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Tim Dalrymple, at Patheos, asks this set of questions, and the big one is one deserving serious discussion:
Americans who stand outside these favored circles feel cheated and powerless. Worse still, it is not clear if either party possesses the vision and moral fortitude to navigate the nation through this storm. What if America has become ungovernable? What if the problems that beset us cannot be rectified by a new President, a new party, new policies? What if the problem is us, that we are so sated with materialistic consumption that we no longer hold our representatives accountable; that we no longer vote and legislate on the basis of principle but according to the whims of fashion and self-interest; that we too (and not just our representatives) are addicted to government spending and unwilling to confront the appalling realities of our collected indebtedness and the sacrifices it will require of us; that we have self-segregated into a thousand warring camps, and would rather bicker and demonize than stoop into the trenches of social problems and strive together with every bone, muscle, and tendon to solve them?
With regard to the Church, the intuition is felt especially (though not exclusively) among younger believers: that the American evangelical Church, in spite of all the good it still accomplishes, has lost its way. In the vision of Christian life that has been passed down the stream of generations, something essential seems to have been lost in the exchange. Call it a hunch, buried deep in the inner folds of the spirit within: that Christ calls us to something more than this. God did not become incarnate, endure the indignities and humiliations of the human condition, suffer rejection and persecution, torture and death, so that we might live comfortable lives of suburban complacency, lives more characterized by rampant consumerism than radical obedience, by cultural accommodation than counter-cultural witness, by potlucks and stewardship seminars than the persecutions and sufferings of the saints.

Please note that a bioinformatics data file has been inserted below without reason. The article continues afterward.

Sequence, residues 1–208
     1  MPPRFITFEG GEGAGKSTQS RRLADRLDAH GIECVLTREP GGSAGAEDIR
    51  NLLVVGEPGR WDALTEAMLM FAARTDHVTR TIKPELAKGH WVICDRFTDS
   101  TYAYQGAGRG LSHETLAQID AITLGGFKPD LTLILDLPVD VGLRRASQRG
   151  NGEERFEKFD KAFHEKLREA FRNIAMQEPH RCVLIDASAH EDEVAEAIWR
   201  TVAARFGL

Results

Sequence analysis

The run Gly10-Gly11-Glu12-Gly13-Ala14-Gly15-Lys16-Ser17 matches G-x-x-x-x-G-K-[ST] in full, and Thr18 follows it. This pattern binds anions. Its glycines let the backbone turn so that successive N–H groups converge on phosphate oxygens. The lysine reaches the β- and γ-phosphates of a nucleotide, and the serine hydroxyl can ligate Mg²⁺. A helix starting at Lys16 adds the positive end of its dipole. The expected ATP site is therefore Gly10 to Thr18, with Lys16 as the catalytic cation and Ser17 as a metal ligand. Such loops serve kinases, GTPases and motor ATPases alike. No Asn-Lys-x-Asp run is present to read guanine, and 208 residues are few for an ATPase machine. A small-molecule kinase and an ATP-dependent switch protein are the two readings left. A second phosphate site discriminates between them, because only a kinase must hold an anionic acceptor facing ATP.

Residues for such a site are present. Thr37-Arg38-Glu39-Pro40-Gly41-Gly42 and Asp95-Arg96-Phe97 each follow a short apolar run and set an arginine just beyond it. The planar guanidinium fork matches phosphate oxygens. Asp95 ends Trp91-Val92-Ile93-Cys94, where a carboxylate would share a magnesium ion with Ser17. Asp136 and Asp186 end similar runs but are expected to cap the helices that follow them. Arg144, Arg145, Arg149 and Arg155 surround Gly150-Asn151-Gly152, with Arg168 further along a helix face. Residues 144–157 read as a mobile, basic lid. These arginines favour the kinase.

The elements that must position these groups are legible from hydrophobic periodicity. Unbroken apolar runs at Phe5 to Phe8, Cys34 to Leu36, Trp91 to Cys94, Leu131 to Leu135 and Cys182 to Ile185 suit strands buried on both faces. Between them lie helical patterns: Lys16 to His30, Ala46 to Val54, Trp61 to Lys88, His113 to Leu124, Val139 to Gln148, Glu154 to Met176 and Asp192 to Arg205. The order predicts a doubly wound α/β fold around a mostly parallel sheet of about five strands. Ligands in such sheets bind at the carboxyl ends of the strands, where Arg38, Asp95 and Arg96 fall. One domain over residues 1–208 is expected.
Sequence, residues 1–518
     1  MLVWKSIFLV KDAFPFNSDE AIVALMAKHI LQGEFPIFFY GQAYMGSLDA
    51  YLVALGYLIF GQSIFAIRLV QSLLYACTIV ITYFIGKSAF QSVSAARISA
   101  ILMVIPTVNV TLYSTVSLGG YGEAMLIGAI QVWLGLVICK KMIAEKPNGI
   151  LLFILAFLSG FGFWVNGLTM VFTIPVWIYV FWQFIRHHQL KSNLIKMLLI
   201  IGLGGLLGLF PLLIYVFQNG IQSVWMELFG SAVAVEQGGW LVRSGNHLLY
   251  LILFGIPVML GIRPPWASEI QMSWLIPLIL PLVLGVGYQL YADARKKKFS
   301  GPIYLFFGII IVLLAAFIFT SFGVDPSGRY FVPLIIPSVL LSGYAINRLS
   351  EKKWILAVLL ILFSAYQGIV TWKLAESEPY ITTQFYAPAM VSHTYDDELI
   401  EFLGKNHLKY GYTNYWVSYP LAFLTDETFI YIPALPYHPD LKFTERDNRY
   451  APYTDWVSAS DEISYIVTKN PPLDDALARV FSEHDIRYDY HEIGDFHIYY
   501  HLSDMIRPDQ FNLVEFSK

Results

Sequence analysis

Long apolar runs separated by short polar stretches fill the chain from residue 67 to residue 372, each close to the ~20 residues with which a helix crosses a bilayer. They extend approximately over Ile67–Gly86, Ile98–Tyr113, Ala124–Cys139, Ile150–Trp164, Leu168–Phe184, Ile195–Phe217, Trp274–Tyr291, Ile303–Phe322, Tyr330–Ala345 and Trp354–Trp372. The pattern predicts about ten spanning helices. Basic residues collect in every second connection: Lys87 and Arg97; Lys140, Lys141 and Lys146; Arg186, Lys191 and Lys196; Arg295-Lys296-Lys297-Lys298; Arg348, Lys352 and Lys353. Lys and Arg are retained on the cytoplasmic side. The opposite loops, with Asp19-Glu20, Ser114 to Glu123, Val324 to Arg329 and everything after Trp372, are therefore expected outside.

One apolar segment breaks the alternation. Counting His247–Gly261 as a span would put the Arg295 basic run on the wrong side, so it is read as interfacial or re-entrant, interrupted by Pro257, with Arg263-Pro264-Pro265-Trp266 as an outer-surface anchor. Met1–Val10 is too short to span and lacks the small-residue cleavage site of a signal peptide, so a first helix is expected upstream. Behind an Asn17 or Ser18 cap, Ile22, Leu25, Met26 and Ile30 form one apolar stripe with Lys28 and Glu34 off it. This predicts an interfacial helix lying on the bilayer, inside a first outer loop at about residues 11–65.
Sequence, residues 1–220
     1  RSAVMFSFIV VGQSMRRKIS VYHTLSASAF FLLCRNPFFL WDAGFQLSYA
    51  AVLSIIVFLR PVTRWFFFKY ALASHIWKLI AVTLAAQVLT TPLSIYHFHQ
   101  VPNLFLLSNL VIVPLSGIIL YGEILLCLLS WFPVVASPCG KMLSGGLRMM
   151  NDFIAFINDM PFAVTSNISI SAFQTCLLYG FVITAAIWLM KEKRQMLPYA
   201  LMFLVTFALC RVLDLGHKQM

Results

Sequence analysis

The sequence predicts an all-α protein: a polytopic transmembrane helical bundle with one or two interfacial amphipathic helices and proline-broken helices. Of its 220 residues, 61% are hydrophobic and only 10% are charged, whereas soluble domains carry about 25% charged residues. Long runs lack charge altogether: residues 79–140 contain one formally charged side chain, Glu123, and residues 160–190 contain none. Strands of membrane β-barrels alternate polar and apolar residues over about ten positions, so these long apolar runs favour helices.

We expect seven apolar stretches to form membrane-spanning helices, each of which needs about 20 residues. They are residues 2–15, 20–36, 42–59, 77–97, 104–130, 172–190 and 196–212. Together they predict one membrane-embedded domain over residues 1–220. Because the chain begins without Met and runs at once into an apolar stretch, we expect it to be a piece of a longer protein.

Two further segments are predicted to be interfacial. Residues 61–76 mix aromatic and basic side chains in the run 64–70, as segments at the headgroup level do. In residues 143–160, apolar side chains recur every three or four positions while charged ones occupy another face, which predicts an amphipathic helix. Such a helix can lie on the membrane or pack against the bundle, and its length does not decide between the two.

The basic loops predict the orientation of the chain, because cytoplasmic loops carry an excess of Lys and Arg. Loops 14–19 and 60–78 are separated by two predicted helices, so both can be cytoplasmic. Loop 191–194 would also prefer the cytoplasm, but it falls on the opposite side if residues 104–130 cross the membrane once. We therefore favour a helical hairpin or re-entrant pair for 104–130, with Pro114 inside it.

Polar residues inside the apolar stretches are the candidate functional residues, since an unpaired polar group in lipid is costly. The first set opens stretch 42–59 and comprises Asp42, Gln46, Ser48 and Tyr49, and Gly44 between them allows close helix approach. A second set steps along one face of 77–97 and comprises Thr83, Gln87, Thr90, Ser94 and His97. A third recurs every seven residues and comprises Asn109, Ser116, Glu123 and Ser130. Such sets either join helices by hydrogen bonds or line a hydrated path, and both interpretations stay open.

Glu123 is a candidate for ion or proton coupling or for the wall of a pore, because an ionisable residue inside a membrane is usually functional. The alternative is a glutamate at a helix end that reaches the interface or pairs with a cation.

And he’s not done. He has a proposal…
What truly ails the Church, I am convinced, is that it has rejected the call to the imitation of Christ. Christ did not die upon the cross so that we should never bear crosses of our own — indeed he calls his disciples to take up their crosses daily and follow. The way of Christ is the way of the cross, and the way of the cross is diametrically opposed to the way of the world. Yet we do not bear crosses anymore; we bear the sweet burdens of worldly idols and ambitions. The Church fell in love with the extravagant comfort and consumerism of American society, its sumptuous materialism and endless distraction — and became unwilling to follow Christ into sacrifice and suffering, into the life of the disciple that is fiercely focused on walking in the Savior’s footsteps. If the Church today lives at peace with the world, it is because it has become so like the world, so harmless to it, that it no longer presents a substantial threat to the ways of worldly sin.